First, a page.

Christianity teaches us that "the natural man is an enemy to God, and has been from the fall of Adam" (Mosiah 3:19). In other words, because of the Fall of Adam, we are born into a telestial world as “natural” or “fallen” creatures and the task of life is to be raised up—to become spiritual and saved creatures. C. S. Lewis explains it this way, "Fallen man is not simply an imperfect creature who needs improvement: he is a rebel who must lay down his arms" (Lewis, Mere Christianity, p. 59). Lewis goes on to explain why this is so important. "A creature revolting against a creator is revolting against the source of his own powers-including even his power to revolt. . . . It is like the scent of a flower trying to destroy the flower."
In another of Lewis's works, a science fiction novel entitled Out of the Silent Planet, Lewis uses a word to describe our fallen condition that I like better than carnal or fallen. Lewis says we are “bent.” In the book, when the scientist, Ransom, describes the dangerous motives of other space travelers to the inhabitants of the planet Malachandra, he says they are “bent” which implies that they are distorted rather than broken.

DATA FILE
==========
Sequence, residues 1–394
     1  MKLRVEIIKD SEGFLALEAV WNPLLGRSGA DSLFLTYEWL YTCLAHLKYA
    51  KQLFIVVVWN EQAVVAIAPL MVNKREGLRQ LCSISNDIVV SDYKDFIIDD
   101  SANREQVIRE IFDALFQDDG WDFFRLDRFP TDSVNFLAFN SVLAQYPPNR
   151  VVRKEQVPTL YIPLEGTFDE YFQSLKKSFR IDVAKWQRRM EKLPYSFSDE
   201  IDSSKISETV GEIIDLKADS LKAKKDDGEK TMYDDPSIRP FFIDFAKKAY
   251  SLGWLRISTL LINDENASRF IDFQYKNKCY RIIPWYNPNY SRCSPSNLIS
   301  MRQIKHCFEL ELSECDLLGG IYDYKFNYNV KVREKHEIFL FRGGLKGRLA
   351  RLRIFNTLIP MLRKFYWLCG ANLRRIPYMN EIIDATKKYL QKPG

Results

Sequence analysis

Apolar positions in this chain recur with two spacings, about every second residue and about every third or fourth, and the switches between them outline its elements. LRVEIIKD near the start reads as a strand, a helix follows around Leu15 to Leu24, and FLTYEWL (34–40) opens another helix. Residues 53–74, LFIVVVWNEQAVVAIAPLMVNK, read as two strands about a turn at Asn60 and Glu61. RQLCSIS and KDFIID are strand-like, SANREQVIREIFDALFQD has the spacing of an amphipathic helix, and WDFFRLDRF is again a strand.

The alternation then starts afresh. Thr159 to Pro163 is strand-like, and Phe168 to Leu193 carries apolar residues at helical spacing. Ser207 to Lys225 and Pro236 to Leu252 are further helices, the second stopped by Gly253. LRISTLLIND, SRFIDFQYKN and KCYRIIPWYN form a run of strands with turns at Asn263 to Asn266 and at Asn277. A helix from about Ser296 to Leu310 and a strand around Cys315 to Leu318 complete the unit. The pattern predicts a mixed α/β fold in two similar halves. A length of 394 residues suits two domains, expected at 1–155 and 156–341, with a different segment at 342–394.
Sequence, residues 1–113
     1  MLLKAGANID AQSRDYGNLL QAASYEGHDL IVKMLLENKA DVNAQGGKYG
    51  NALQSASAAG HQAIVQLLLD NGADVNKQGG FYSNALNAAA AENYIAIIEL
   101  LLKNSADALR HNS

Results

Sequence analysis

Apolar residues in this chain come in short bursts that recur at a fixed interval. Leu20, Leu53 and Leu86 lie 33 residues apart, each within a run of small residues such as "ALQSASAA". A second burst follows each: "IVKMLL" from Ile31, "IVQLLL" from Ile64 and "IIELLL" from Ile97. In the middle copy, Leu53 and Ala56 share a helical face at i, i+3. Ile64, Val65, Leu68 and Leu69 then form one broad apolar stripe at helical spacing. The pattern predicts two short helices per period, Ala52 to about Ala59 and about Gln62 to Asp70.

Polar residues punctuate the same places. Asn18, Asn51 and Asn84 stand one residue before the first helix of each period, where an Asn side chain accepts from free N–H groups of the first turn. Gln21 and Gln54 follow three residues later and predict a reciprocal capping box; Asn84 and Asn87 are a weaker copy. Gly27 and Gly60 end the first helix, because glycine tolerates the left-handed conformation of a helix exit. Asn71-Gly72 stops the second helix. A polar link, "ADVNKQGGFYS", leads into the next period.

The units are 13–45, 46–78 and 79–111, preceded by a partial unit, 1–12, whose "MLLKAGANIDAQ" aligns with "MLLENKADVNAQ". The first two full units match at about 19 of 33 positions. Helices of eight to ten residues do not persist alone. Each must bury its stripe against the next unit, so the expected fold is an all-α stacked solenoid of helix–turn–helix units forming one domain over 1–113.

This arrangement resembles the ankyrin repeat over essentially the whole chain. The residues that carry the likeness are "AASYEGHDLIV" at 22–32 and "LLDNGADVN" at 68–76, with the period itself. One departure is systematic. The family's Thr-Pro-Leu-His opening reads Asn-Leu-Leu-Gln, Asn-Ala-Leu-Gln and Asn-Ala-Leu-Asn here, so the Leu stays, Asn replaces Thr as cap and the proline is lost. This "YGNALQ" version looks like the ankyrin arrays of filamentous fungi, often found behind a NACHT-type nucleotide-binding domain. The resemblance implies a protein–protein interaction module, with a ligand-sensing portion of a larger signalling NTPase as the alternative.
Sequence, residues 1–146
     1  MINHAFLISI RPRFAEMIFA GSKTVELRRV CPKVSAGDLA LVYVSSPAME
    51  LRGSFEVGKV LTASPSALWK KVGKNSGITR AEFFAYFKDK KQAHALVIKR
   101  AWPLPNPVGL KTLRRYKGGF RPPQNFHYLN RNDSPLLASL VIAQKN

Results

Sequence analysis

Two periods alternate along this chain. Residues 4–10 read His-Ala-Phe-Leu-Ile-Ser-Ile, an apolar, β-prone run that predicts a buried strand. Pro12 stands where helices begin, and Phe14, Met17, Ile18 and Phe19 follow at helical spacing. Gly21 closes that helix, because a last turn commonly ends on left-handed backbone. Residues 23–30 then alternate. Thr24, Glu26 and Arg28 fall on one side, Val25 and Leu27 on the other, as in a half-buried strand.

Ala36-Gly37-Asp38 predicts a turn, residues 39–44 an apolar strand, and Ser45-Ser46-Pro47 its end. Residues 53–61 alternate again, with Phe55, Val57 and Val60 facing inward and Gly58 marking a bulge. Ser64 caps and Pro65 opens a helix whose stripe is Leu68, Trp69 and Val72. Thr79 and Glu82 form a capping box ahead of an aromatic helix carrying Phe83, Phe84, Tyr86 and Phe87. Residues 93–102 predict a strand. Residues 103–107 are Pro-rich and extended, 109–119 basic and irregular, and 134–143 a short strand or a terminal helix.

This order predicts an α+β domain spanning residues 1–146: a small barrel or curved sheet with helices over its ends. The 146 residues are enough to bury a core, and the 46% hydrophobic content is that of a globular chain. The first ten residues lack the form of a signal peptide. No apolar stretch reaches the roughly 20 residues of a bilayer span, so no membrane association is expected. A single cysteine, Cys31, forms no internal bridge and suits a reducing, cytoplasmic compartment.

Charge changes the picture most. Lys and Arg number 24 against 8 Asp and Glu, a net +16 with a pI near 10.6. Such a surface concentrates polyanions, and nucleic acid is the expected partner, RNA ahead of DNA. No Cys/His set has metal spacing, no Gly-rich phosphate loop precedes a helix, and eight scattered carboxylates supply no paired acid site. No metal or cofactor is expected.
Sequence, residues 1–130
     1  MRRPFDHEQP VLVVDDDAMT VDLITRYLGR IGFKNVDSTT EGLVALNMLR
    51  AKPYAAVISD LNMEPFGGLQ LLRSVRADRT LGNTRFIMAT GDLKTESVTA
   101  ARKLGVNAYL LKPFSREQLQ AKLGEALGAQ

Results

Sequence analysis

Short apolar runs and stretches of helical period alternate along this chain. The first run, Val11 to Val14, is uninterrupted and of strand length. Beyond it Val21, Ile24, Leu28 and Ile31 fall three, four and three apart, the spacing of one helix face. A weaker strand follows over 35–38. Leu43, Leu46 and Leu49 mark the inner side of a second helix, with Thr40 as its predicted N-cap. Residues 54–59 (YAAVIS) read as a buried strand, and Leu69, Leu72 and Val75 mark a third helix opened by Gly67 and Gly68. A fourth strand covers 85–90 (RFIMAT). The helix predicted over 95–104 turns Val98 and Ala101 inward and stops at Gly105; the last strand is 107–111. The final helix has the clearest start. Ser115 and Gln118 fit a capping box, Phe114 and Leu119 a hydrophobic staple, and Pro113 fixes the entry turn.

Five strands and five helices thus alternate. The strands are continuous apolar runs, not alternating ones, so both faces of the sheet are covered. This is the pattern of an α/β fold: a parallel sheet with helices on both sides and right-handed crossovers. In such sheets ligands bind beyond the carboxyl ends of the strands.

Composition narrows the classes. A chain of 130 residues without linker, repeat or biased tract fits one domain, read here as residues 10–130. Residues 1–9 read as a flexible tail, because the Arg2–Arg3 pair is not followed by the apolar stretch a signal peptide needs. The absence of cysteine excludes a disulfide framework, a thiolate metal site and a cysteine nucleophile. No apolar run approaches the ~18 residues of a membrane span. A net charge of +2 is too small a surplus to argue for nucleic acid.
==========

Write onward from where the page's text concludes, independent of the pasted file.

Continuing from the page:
The thing I like best is that something bent can usually be bent back or corrected. This gives me a mental picture of me bent with sin and my Savior taking me by the hand and straightening me out. Yes, it is painful at times, but if I hang in there and don’t resist, I will be straightened. I will be saved. I won’t be bent forever. I like that a lot.